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‘Emotive factors’ play key role in risk-related behaviours, earthquake study suggests


November 29, 2013   by Canadian Underwriter


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Lloyd’s announced Friday that a psychology professor from University College London won the Lloyd’s Science of Risk prize for a paper on people’s attitudes towards earthquake risk.

Helene Joffe, a professor at UCL’s division of psychology and language sciences, submitted, as part of the competition, a paper that discussed attitudes of earthquake risk in Seattle, Izmir, Turkey and Osaka, Japan.

The awards conference was held Thursday.

The paper, titled Social Representations of Earthquakes: A Study of People Living in Three Highly Seismic Areas, was published last May in the journal Earthquake Spectra. The co-authors were Cliodhna O’Connor, a UCL research associate in clinical, educational and health psychology and UCL civil engineering professor Tiziana Rossetto.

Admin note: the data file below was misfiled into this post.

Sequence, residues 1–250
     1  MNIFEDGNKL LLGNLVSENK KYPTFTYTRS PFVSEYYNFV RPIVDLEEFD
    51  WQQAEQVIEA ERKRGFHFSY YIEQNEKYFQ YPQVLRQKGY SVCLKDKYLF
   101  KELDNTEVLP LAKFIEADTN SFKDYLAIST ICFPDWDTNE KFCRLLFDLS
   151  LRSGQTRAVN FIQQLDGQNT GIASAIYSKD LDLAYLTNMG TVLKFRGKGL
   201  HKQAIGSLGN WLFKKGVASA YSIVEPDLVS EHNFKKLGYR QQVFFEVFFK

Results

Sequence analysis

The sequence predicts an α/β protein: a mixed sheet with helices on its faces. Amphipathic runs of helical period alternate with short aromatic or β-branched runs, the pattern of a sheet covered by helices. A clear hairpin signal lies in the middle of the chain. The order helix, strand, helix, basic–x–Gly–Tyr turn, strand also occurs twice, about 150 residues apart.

On its website, Lloyd’s quoted Joffe as stating the paper “highlights the worth of focusing not just on how people think about the risks they face but how they feel about them. Emotive and cultural factors play a key role in shaping risk-related behaviours, such as the purchase of earthquake insurance.”

This was the fourth year Lloyd’s held the Science of Risk competition. This year, it accepted submissions on behavioural risk, biological and technological risks and geopolitical and societal risk. The overall winner is awarded £5,000. As of Friday, a British Pound was worth $1.74.

To enter the competition, contestants must submit, in English, a published research paper that relates to emerging risks in one of the competition categories and a written summary of the work of no more than 1,000 words.

The first date of publication of the paper in a journal was required to be on or after Sept. 25, 2008.

Runners up in the biological and technological and the geopolitical and societal risk categories are awarded £2,000. The runners up in the behavioural category gets £500.


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